Stephen Malkmus, Bob Nastanovich, and More React to the Passing of David Berman | Under the Radar - Music Magazine

Stephen Malkmus, Bob Nastanovich, and More React to the Passing of David Berman

The Silver Jews and Purple Mountains Frontman Died Yesterday

Aug 08, 2019
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David Berman passed away yesterday and in our post last night we included social media tributes from many of his fellow musicians. Since then several others have also paid tribute to Berman, most notably his original Silver Jews bandmates Stephen Malkmus and Bob Nastanovich. You can read their tributes below, along with some from other musicians.

The 52-year-old was best known as the frontman (and sole constant member) of Silver Jews. But he recently returned to music after a long hiatus with a new project, Purple Mountains. Last month Berman released the self-titled debut album under the Purple Mountains name via Drag City. It was Berman's first album in 11 years, since 2008's Silver Jews album Lookout Mountain, Lookout Sea.

Berman was born in Williamsburg, Virginia in 1967 and formed Silver Jews in 1989 with two members of Pavement, Stephen Malkmus and Bob Nastanovich, which was the same year that Pavement was formed. The band was formed in Hoboken, New Jersey, but Berman, Malkmus, and Nastanovich had all previously attended the University of Virginia in Charlottesville, VA together. Silver Jews started out as a recording project and didn't tour their first four albums: 1994's Starlite Walker, 1996's The Natural Bridge, 1998's American Water, and 2001's Bright Flight. Berman embraced touring for Silver Jews' last two albums, 2005's Tanglewood Numbers and 2008's Lookout Mountain, Lookout Sea. By then Berman's wife Cassie Berman had joined the band. Malkmus and Nastanovich would come and go over the years as Pavement's stature grew, as did other members, with Berman the sole constant, disproving the initial assertion that the band was simply a Pavement side project. In 2009 Berman announced he was retiring from music and Silver Jews played one final show on January 31, 2009 in some caverns 333 feet below the ground. Berman also released two books: Actual Air (1999) and The Portable February (2009).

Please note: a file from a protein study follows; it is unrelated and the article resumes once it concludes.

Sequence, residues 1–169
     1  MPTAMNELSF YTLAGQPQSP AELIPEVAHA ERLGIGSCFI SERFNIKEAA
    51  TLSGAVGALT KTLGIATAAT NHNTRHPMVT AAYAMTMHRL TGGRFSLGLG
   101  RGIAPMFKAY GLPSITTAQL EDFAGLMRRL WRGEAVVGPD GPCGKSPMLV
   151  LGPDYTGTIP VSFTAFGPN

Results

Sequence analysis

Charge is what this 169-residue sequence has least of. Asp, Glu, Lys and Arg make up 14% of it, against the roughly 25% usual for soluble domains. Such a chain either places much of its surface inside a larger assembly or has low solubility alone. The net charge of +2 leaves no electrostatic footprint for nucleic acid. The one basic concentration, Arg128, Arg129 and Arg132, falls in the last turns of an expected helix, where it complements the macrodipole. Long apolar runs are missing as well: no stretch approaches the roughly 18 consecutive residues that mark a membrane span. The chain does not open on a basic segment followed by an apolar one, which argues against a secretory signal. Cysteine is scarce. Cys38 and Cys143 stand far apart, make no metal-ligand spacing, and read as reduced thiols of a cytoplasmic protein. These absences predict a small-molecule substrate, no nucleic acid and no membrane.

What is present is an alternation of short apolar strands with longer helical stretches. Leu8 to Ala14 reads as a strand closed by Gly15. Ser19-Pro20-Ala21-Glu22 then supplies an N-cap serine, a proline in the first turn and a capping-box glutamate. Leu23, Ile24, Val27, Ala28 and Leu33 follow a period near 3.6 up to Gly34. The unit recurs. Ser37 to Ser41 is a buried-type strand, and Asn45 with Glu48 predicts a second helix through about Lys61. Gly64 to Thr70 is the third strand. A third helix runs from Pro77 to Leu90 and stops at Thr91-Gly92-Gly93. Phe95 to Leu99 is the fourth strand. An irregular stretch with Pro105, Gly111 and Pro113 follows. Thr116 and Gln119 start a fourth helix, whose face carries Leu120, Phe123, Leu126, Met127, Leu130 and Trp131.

Here's what Malkmus had to say on Twitter:

Nastanovich didn't post on social media, but instead gave a statement to Pitchfork:

"I was saddened to hear that David died. Stephen called me to tell me this afternoon.

"For most of my life, I was amazed by David as a person, a humorist and a writer. It was enlightening to have such a talented friend at a young age and realize that the talent wasn't always a blessing.

"David battled mental illness for nearly all of his life. He had professional help and the unyielding support of hundreds of good friends. He had many loving and devoted fans.

"Please try to cherish your memories of him and his words and music including his last album Purple Mountains.

"I know I will and I'm grateful that the list of good memories and stories is long."

At the time of his death, Berman was living in Chicago and was separated from his wife Cassie (although the two still owned a house together in Nashville). Berman dealt with substance abuse issues over the years and in 2003 attempted suicide. Although we should stress that no official cause of death has been revealed as of yet.

When it was announced that Berman was returning with Purple Mountains, fans and the music press embraced him with open arms. Purple Mountains was critically acclaimed, with an 87 rating on Metacritic (indicating "Universal Acclaim") and a rave 8.5/10 review from our own Timothy Michalik. Purple Mountains' first tour was scheduled to begin this Saturday.

Below is a selection of more social media posts from fellow musicians reacting to his death (on top of the ones we already posted yesterday).

 

View this post on Instagram